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Md. judge rejects lawsuit challenging redistricting petitions
Question of the Day
ANNAPOLIS — A Maryland court on Friday upheld a petition forcing a referendum this fall on the state’s congressional map, but Democrats who challenged the petition have vowed to appeal.
Anne Arundel Circuit Court Judge Ronald A. Silkworth rejected a lawsuit filed by the Maryland Democratic Party against the state Board of Elections, alleging that it erroneously validated thousands of signatures collected using the website MDPetitions.com.
Marylanders for Coherent and Fair Representation led the petition drive and put out a celebratory statement Saturday.
“As we move forward with the Referendum Project, MCFR feels that we have an excellent opportunity to repeal this overtly gerrymandered map,” said Tony Campbell, the group’s president.
Petition organizers gathered 59,201 valid voter signatures this summer, narrowly fulfilling the 55,736 signature requirement for the map to be sent to referendum this November.
State Democrats had argued that MDPetitions.com — a website that allowed signers to print and distribute their own copies of the petition — violated state law by automatically filling out certain parts of the signer’s personal information rather than having the signer write it on their own.
Democrats also argued unsuccessfully that signers cannot act as the distributor of any petition sheet that contains their own signatures.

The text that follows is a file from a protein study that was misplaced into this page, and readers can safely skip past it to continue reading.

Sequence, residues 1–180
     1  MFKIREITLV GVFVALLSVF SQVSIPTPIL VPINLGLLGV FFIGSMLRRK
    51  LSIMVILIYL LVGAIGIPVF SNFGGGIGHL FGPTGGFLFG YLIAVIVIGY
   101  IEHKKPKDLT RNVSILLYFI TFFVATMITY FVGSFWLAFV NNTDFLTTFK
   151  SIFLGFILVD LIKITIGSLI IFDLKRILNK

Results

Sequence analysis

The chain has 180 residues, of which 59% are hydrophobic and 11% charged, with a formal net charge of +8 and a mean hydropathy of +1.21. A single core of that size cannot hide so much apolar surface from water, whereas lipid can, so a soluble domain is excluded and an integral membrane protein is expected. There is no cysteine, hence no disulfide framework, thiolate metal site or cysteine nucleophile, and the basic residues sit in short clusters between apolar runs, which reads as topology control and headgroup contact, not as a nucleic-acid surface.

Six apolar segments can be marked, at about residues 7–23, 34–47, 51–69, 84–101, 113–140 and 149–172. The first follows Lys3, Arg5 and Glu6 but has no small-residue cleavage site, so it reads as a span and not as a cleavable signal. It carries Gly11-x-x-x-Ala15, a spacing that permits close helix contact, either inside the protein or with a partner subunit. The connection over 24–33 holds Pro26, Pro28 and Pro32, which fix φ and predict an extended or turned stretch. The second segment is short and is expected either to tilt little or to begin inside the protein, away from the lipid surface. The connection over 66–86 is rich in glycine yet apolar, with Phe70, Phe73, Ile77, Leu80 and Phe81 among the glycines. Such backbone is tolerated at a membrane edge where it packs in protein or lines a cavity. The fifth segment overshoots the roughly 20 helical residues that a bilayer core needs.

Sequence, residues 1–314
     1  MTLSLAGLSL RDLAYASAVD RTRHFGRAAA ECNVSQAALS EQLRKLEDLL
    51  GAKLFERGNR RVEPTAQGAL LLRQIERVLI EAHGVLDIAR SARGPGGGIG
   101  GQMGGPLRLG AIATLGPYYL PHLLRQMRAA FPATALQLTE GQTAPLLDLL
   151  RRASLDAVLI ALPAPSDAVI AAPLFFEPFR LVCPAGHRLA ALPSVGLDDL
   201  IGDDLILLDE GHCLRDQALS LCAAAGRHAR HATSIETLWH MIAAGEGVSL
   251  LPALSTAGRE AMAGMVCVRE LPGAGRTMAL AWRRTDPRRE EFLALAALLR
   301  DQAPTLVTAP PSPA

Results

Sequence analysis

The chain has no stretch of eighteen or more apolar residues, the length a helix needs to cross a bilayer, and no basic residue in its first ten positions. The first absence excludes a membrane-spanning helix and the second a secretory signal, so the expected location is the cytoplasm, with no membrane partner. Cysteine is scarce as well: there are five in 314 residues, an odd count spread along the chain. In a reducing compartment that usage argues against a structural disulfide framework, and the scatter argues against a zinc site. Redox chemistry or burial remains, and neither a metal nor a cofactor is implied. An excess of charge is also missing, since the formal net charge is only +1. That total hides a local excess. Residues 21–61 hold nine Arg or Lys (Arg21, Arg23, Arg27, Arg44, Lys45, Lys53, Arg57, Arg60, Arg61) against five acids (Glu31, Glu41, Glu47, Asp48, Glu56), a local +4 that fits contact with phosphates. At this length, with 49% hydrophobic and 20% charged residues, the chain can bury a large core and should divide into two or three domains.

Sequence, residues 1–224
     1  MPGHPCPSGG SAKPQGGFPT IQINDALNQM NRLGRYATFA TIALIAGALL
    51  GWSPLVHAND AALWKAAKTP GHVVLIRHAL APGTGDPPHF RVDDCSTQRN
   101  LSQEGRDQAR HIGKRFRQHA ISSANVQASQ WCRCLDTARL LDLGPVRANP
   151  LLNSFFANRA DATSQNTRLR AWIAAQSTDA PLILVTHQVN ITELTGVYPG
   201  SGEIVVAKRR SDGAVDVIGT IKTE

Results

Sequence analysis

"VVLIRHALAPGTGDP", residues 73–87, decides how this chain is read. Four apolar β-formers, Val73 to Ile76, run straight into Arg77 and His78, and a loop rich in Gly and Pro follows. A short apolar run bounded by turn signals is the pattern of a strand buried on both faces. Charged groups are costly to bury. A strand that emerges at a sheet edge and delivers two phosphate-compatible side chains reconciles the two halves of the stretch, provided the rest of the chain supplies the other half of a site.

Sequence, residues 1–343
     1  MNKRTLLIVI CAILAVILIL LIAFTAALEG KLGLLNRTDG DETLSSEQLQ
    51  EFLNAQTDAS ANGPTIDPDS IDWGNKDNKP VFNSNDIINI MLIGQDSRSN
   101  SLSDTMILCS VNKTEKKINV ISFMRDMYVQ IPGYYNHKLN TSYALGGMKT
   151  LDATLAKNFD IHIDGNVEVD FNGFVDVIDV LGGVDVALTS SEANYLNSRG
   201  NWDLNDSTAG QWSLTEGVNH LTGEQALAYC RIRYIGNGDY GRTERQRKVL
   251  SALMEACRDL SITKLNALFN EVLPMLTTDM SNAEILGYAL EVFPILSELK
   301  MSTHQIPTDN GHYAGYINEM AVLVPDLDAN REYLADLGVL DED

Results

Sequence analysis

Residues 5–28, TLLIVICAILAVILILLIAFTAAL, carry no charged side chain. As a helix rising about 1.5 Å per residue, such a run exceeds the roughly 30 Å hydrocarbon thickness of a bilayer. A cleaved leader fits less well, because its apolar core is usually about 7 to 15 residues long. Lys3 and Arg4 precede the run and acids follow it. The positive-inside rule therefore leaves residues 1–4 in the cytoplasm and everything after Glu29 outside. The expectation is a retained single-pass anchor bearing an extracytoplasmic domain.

He said the state Court of Appeals must still decide whether to take the case, but that it could begin hearing arguments as soon as Thursday.
Similar arguments were made last year in an unsuccessful lawsuit to remove a referendum question on a state law to grant in-state tuition to some illegal immigrants from the ballot. The controversial law, called the Maryland Dream Act, was passed in 2011 and petitioned to the ballot through signatures partially collected on MDPetitions.com. Casa de Maryland, an immigrant advocacy group, initially challenged the petition signatures received through the website, but changed its legal strategy and challenged other portions of the process.
MDPetitions.com was used to get a third question on the November ballot. After Democratic Gov. Martin J. O’Malley signed a law permitting same-sex marriage in the state, petitioners used the site to collect signatures to put the law to a vote. A total of 109,313 signatures were collected, both through the website and by people circulating petitions. The validity of these signatures were not challenged in court.
The last time Maryland voters saw a statewide issue petitioned to the ballot was 1992.
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About the Author
David Hill joined The Washington Times in February 2011 as a Maryland political reporter. He can be reached at email@example.com.
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